A Heroine Free Summer Is in Dire Need of a Savior

Patricia Duran and Gabriel Regojo in A Heroine Free Summer
Patricia Duran and Gabriel Regojo in A Heroine Free Summer Photo by Pin Lim
The setup:

It’s a cautionary issue play about the dangers of heroin use. No, wait, maybe it’s an angsty comedy about family dysfunction. Then again it could simply be a vehicle for theories of alt-pop psychology. Or maybe the whole thing is just an excuse to finally get those poems out in front of an audience.

Ladies and gentlemen, this is Houston poet, playwright and University of St. Thomas English professor Dr. Janet Lowery’s new play, A Heroine Free Summer.

The execution:

By the time we get to the inevitable shooting-up scene replete with tense arm tying, needle flicking, injection and overdose, we’ve been subjected to so many erroneous portrayals of addiction, surpluses of foggy narrative threads and lectures disguised as dialogue that we’re about ready to ask for a little something to numb the pain.

The play, presented by Mildred's Umbrella, takes place in and just outside the screened porch of a shabby but not so chic yet still decent lake house (rendered in shades of blue, beige and tan by Claire A. “Jac” Jones). Even before one word is spoken, things aren’t right. Why is there a table lamp on the porch? And why is there a corded phone? Isn’t this an outdoor space? Sisters Ann (Patricia Duran) and Terri (Jennifer Decker) playfully bicker with each other as they sweep up the space. Sure, the broom makes sense, but who Swiffers the floor of a cottage porch?

Maybe the dialogue will make things better. Maybe that desperately trying to be deep poem about her dead alcoholic father’s effect on the family Ann read to us in monologue at the start isn’t an indication of things to come. Maybe when the other two sisters, Irene (Lyndsay Sweeney) and Kelly (Elizabeth Marshall Black), show up at the lake house, things will start to gain some steam.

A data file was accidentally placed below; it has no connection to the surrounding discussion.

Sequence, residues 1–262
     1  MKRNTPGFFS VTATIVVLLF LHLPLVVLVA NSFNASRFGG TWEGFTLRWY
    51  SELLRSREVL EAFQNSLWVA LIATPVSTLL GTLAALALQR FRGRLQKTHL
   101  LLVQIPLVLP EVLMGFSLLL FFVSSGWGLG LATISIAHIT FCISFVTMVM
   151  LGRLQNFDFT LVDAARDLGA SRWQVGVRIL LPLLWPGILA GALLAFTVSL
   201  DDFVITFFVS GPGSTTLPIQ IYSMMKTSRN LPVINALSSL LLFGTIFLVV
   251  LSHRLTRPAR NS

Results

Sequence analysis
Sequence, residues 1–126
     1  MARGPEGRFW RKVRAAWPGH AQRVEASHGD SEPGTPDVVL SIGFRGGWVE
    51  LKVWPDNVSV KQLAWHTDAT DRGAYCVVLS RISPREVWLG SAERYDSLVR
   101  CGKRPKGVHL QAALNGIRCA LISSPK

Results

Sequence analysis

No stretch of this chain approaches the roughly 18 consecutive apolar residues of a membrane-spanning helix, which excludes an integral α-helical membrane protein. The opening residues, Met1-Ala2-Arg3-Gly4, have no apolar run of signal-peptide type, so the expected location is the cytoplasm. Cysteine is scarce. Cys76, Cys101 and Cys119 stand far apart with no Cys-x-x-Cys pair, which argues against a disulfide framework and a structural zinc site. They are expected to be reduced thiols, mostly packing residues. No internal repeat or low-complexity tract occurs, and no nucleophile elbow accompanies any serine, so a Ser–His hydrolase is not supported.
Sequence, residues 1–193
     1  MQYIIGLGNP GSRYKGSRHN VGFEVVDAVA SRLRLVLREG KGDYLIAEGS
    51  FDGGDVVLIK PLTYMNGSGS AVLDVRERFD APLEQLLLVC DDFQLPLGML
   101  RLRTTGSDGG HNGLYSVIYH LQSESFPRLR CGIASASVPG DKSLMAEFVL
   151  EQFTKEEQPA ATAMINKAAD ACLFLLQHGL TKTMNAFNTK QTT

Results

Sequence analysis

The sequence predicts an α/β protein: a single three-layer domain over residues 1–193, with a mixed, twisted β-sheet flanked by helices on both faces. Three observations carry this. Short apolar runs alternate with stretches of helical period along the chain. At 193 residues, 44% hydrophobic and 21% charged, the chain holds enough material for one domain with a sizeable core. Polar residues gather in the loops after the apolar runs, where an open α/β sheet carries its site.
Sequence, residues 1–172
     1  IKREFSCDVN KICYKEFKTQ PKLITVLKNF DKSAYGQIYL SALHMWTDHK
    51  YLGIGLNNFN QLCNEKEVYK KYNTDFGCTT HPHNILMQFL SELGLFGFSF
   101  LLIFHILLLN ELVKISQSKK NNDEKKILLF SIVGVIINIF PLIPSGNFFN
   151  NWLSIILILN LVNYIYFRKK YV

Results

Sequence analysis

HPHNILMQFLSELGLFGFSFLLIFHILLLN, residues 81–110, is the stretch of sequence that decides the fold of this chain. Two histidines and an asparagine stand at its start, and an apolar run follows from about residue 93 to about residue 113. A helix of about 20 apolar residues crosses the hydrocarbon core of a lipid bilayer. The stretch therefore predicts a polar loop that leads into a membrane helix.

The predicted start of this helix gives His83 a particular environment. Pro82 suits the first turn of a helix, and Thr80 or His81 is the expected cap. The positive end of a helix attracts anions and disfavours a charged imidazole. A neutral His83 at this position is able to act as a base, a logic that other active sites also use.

Problem is, we have no idea why the adult siblings are up there in the first place. We hear lots of arguments about who gets to visit the cottage now that their mother has died. None of them seem to want to be there as a group, yet here they all miraculously are. Terri, the somewhat dimwitted eldest, appears to live there year-round. She’s been an addict and so have her previous boyfriends. Does she work? There some mention of a summer camp, we think. But really we don’t know. Recently divorced Ann, a college professor (despite saying “anyways” throughout the play), lives in Houston and is up visiting for no apparent reason. Ann too has been an addict, but claims that alternative therapy and a sense of spirituality have now saved her. Angry and resentful Irene has brought her 17-year-old son, Rory (Gabriel Regojo), up to stay for a while. She mentions other children, but who they are or where they’re staying is left blank. The posh one of the bunch, Kelly, lives close by with her husband, so she keeps driving up every day and going back home each night with her moody, rebellious and downright rude 18-year-old son, Kevin (Justin Gibbons).